#Celebrating80Years: 2017 marked 80 years of working with Colorado’s nonprofits as they seek to strengthen their communities. Throughout 2018, we will be looking back on this history of the outstanding organizations and people the Trustees have had the opportunity to support. On the blog you will find a history of the Foundation’s grant making and a representative organization from every year since our founding in 1937.
With a legacy more than 100 years in the making, Sunny Vista strives to provide the older adult population of the Pikes Peak region with the best independent and assisted living services possible. From humble beginnings as a sanatorium, Sunny Vista now utilizes three unique and intertwined facilities to focus on every dimension of wellness for the senior population of Colorado Springs.
Grantee Spotlight: Sunny Vista Living Center
A long-standing institution in Colorado Springs, Sunny Vista began as a tuberculosis sanatorium. Initially called the Sunnyrest Sanatorium, the original facility opened in 1911 through an endowment by Marjorie Palmer Watt, daughter of Colorado Springs founder William Jackson Palmer. The sanatorium served men, women, and children, and was run by five Sisters of the Kaiserwerth Deaconesses. The fee was $8 per week for patients able to contribute, but most of the money was raised in the community. When the threat of tuberculosis began to decline, Sunnyrest shifted its focus to providing long-term care to individuals in the Pikes Peak region otherwise unable to afford healthcare, ultimately changing its name to Sunny Vista to reflect this changing focus.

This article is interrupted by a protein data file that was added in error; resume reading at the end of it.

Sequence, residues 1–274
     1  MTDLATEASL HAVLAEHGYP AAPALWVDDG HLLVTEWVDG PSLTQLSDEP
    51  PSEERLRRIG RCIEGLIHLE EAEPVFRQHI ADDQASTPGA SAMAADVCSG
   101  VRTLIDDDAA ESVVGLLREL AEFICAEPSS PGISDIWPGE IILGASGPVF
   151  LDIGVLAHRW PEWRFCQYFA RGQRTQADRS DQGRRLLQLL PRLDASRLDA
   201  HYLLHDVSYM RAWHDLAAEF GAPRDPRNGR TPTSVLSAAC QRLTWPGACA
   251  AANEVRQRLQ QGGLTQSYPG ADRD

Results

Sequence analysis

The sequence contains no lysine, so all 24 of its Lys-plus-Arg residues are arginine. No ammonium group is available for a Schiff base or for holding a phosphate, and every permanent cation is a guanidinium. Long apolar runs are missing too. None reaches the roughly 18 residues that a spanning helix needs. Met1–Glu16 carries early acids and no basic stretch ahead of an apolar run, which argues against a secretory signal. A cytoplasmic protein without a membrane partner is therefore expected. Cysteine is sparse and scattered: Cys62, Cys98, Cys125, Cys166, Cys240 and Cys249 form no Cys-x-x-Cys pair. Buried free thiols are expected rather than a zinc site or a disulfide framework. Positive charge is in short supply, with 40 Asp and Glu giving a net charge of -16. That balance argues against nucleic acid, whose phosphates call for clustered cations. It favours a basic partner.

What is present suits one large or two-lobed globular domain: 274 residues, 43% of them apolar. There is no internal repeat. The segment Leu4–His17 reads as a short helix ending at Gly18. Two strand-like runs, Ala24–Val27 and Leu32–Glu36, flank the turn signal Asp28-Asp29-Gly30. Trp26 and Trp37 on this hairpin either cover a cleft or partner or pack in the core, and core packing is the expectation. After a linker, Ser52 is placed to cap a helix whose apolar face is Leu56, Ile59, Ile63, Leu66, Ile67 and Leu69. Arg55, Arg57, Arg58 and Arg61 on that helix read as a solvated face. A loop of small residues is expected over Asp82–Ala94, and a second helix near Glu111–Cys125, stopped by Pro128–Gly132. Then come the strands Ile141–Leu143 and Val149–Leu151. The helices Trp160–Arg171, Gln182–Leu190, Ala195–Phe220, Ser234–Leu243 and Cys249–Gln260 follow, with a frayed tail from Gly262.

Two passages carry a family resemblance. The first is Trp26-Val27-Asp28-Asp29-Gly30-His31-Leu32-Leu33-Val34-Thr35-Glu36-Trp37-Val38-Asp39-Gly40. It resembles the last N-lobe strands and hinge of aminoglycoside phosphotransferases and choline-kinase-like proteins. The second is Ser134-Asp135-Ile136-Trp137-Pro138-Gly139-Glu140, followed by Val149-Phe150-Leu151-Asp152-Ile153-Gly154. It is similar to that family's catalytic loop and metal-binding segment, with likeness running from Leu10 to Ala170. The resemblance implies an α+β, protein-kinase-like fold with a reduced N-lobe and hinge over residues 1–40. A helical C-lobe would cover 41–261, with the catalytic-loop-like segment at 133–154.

The overall mission to support the health and well-being of the community of Colorado Springs was a mission shared between Sunnyrest and the Penroses, and El Pomar honored this shared mission with its first grant to the organization (then Sunny Vista) in 1976 and a large capital grant in 1986.
Sunny Vista has continued to grow over the years and in 2004, the organization planned for the development of a 116-private bedroom facility to provide state-of-the-art services for Colorado Springs growing senior population. Embracing their core values of wisdom, courage, fairness, respect, and a positive spirit, Sunny Vista now provides services out of three different facilities: The Living Center, The Villa, and the recently completed Retreat. All three provide unique and specialized services, such as occupational, physical and speech therapy, as well as additional activities and amenities to make every individual in their communities feel valued.
El Pomar in 1986:
The Foundation granted $4.4 million in 1986, with first-time grantees including the Crow Canyon Archaeological Center in Cortez, Children’s Museum of Denver, and the National Sports Center for the Disabled. The largest grant of the year was $1.5 million given to Penrose Hospital to construct a facility focused on Alzheimer’s disease.
Images courtesy of http://sunnyvista.org/
Spotlight by Kyle Boyle